Perez, whose first role was in Kinetic Wayfinding’s Digital Winds, brings a heartbreaking quality to Lupe’s character who goes from average insta-obsessed teenager to battling inner demons.

Inner demons like depression- leading to thoughts of suicide. Perez’s portrayal of a girl fighting against the these emotions is mesmerising to watch.

The cast, though a tad green, was solid. Granted there were some slip ups but you can easily put it down to first performance jitters.

On top of the three friends, there are also embodiments of creative muses; Creativity (Valentino Maliko), Word (Mosese Ah Hi), Dance (Maxine Kalolo), and Music (Sisi Patea). Their performances were stirring, from their fluid dance moves to beautiful singing.

And really once they got into it, and the cast gained momentum together, the show’s pace quickened and the audience is pulled through different emotions along with the characters.

There were a couple of scenes that seemed to stifle the pace a bit, leaving the audience guessing as to the purpose of it,  however overall it was an engaging piece of theatre, executed by a young up and coming cast.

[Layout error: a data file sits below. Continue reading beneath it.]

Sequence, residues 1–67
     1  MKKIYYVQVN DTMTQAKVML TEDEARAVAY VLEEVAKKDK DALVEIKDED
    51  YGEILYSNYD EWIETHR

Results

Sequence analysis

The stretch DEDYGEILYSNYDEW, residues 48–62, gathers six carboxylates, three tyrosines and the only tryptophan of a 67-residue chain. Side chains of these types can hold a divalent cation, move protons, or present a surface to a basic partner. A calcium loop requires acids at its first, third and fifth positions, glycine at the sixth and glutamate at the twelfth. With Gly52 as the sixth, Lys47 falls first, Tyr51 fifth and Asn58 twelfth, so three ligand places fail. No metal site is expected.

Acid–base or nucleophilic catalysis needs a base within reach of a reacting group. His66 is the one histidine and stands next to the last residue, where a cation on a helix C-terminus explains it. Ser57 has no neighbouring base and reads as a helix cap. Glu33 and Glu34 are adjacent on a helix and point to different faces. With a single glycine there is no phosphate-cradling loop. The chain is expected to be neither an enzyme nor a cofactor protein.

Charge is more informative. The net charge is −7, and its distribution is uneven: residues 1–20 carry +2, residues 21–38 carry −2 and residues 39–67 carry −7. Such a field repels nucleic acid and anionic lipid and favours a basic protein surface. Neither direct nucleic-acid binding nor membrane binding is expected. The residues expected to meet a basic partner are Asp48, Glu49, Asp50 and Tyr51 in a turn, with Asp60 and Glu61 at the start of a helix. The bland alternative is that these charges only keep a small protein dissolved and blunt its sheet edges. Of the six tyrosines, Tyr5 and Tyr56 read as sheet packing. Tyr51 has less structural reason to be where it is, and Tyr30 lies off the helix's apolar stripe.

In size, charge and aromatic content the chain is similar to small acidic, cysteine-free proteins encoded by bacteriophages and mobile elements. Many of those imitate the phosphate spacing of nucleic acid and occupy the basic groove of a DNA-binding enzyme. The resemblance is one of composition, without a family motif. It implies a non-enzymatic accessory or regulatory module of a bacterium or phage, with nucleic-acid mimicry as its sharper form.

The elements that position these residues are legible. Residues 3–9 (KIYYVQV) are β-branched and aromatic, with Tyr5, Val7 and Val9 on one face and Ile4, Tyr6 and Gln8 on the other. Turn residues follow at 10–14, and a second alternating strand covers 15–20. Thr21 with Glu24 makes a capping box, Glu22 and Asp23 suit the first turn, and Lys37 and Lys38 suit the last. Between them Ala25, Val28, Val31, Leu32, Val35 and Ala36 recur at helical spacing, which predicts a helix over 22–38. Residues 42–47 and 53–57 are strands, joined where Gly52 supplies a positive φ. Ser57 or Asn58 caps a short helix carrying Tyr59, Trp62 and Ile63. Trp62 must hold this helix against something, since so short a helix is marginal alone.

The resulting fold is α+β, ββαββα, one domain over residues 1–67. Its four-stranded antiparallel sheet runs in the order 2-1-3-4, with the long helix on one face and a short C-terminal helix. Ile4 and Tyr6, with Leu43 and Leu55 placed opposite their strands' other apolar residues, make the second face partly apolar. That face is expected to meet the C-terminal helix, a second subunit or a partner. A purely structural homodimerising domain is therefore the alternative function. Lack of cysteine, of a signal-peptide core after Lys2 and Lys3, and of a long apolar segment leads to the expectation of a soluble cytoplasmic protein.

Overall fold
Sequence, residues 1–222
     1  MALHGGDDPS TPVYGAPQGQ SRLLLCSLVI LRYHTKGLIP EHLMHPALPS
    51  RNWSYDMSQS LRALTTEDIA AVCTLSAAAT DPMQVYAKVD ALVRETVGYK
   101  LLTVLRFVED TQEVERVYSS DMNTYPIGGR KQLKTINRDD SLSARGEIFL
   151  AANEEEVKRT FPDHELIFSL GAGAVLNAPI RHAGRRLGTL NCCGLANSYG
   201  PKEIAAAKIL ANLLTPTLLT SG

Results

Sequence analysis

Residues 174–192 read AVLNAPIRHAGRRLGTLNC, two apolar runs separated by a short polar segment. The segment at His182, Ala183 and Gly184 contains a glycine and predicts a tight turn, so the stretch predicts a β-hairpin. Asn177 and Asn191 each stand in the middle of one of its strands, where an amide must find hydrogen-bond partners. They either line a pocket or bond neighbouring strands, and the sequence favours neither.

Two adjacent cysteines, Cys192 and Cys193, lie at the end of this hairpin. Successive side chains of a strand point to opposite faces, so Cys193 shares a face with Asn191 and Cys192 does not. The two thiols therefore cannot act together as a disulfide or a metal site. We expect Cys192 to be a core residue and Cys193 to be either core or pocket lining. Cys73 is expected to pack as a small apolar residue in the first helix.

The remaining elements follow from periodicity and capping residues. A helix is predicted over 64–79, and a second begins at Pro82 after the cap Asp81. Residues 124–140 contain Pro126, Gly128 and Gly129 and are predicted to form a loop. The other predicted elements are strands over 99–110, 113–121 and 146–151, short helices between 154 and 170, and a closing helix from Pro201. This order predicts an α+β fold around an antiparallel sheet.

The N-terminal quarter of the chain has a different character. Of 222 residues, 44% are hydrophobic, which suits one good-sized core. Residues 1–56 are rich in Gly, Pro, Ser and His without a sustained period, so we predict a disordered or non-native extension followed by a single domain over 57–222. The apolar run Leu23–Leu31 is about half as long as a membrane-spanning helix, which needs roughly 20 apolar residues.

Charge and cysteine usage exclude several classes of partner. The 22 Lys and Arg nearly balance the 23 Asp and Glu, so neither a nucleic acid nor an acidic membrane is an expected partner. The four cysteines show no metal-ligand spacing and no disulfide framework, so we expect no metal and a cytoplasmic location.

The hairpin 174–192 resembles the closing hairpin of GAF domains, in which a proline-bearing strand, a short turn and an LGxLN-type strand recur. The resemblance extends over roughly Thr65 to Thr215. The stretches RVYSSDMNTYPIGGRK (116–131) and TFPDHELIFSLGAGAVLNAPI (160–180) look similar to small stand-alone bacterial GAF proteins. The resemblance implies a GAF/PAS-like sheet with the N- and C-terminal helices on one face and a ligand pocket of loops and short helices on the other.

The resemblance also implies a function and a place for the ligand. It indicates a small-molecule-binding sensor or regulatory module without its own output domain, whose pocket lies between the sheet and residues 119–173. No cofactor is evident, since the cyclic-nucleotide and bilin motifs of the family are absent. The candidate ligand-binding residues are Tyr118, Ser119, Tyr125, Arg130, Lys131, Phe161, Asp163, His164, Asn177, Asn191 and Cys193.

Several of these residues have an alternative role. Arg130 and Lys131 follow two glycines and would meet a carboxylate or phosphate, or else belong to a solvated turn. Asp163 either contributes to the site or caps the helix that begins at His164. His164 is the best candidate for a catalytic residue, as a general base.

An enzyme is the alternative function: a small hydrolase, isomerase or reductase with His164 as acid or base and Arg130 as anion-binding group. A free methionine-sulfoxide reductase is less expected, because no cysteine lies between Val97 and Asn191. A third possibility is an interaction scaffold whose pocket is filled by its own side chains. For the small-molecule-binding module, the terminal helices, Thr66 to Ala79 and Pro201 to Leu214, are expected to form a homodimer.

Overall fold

MOVE makes good use of multi-media with random inserts of digital YouTube/vlog type videos by Diamond, shown on a screen beside the stage, serving as comic relief.

The mash-up of popular songs with beautiful original music, not to mention the elements of Pacific music mixed in too was rather beautiful.

The following song was written and composed by Patea, and beautifully performed by her and Maliko during the performance.

 

 

MOVE 

Written and Directed by Iaheto Ah Hi and Leilani Clarke
Moving image and costumes by visual artists Cee Palalagi and Onesian.
WHEN: April 22-Saturday April 30th 7.30pm (No shows 25th & 26th April 2016)
WHERE: Te Oro in Glen Innes
GET TICKETS: Eventfinda or at the door (Adults: $20.00, Concessions $15.00.  Groups (6+): $15.00, Youth 14yrs and under $10.00.)